Interested moviegoers vote on any of these websites, and the films, actors, actresses and directors receiving the most votes are nominated. Around 30 movie critics are then rallied to vote for the final winners.

"The regular audience is most directly affected by movies, so their opinions are important," Cheng told the Global Times. To avoid any possible foul play on the Internet, the final results are decided by a panel of experts.



Sun Honglei. Photos: CFP

Criticism of the 'awards'

Some fail to view the awards in a light hearted manner. Acclaimed director Feng Xiaogang is among those who fail to find the awards entertaining.

After discovering that his film, If You Are the One II was voted one of the worst movies of 2010 and that he simultaneously received the title of the most disappointing director, Feng responded two days later on his Sina Weibo, or microblog.

Feng posted that his goal was "to achieve the most disappointing movies in the following 10 years" and he hoped "to not make the best, but the worst films."

Feng is not alone in criticizing the Golden Brooms, Lu Jian, anchor of China Central Television (CCTV), expressed his disdain after last year's awards.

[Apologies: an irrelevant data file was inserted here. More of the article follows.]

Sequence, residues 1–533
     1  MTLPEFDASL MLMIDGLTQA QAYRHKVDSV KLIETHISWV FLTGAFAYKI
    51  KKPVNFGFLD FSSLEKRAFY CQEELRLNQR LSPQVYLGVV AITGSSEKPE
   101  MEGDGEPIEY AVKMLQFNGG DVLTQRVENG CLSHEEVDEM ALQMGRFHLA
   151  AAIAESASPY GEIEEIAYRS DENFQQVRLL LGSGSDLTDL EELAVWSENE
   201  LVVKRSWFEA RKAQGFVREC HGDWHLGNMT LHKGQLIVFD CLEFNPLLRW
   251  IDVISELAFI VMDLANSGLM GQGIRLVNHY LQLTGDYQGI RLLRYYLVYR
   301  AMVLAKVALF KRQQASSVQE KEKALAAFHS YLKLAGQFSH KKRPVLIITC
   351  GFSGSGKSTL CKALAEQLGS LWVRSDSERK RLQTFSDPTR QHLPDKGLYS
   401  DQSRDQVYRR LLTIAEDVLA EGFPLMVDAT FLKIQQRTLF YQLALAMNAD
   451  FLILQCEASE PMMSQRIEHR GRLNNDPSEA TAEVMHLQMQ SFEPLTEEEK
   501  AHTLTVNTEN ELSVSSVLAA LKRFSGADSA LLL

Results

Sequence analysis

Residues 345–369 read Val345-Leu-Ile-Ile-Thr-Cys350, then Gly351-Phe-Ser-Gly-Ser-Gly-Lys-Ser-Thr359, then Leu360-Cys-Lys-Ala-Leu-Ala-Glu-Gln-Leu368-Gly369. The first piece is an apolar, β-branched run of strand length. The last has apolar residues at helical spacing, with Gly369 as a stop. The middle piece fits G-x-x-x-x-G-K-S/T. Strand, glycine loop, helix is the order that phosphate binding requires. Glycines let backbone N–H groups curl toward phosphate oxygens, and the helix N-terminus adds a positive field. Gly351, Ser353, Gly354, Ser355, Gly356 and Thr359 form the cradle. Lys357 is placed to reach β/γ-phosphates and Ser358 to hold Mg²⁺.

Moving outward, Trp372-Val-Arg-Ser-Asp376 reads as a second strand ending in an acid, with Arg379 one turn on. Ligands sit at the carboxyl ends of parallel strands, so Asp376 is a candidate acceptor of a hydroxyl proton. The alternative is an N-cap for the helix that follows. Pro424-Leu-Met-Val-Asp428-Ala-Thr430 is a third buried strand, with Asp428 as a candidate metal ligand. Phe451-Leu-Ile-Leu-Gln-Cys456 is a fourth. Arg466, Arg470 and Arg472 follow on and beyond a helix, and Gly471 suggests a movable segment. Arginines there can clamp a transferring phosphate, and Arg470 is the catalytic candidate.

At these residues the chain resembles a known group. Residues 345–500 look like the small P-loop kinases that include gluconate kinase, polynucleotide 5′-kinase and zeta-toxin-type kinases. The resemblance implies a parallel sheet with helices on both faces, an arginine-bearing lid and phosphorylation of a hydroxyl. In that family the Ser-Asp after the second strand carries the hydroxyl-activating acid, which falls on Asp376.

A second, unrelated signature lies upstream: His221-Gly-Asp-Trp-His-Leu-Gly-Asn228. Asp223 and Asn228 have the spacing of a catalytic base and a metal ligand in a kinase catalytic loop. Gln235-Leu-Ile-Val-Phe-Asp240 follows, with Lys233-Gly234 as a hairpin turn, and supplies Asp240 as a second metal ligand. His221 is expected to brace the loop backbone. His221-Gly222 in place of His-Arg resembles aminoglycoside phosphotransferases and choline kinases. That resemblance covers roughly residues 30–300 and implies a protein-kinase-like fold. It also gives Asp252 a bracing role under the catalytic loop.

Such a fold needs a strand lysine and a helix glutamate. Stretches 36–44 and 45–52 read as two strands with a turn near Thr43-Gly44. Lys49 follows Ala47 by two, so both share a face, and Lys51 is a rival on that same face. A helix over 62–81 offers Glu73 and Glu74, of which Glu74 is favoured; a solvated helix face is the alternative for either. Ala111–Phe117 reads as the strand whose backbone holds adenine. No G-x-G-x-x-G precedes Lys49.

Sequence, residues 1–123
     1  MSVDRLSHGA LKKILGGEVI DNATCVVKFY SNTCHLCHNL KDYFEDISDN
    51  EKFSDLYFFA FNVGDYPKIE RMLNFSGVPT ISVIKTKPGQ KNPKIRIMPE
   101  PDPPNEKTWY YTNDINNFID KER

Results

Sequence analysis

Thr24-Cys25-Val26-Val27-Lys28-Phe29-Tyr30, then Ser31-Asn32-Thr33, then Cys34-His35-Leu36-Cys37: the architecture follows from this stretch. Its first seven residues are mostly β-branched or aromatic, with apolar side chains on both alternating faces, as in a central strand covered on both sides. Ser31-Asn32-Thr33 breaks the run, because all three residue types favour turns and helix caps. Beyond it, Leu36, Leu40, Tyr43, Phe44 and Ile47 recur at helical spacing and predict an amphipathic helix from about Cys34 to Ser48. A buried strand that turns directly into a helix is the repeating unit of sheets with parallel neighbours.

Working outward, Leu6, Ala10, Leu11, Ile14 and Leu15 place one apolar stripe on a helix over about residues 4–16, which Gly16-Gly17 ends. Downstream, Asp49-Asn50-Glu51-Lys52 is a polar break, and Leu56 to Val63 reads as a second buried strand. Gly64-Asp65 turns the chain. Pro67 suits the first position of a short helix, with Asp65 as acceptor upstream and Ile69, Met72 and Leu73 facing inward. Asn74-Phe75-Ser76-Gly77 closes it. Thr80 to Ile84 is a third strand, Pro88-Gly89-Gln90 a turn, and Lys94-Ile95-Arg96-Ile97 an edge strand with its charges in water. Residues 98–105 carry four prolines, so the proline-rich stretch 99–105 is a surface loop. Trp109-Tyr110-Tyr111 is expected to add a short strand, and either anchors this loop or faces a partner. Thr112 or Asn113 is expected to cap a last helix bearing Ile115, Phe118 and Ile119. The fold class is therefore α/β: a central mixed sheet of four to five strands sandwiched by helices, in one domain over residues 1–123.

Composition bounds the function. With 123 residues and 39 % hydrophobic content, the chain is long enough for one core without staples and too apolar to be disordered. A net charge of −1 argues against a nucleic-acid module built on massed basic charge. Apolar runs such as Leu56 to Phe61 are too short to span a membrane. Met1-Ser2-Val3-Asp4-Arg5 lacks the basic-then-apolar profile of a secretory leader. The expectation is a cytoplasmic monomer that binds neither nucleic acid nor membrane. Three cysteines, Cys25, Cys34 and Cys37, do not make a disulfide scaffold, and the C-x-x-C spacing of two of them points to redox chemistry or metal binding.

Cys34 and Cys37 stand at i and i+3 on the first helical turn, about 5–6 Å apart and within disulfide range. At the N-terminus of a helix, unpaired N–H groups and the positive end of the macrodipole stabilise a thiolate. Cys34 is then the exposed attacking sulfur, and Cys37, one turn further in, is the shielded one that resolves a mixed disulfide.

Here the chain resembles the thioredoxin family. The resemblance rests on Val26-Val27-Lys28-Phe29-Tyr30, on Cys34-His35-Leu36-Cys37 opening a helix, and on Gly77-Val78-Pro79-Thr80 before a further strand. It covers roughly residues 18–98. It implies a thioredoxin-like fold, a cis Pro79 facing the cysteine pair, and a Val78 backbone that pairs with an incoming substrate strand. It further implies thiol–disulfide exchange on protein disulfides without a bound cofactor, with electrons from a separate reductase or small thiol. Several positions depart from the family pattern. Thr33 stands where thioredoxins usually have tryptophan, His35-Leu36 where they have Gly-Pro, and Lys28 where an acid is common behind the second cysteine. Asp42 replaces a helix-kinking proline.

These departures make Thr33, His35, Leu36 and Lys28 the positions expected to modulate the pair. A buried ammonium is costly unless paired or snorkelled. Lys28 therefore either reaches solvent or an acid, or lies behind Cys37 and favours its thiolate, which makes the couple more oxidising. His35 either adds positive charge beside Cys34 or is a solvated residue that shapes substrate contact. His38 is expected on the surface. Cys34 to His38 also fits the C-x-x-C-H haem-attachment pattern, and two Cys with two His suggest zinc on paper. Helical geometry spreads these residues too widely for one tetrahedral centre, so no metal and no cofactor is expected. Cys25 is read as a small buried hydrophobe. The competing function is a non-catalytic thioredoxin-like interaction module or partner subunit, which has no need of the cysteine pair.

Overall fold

"The Golden Brooms aim to inform the public of bad films, but the lack of professionalism and objectivity in their decision process makes their opinions a joke," Lu wrote on his Sina Weibo.

"[Two of this year's most hyped films,] Confucius and If You Are the One II were voted as the most disappointing movies. The Golden Broom Awards are seeking attention in targeting such acclaimed features."

Though Lu later apologized for a few profane comments he posted, he said his opinion about the Golden Brooms remained the same.

In lieu of the criticism, Cheng remains unflappable in the integrity of the organization. He told the Global Times days before this year's award ceremony that the Golden Brooms decisions are not reached by a panel of experts. Instead, the votes are tallied by a general demographic.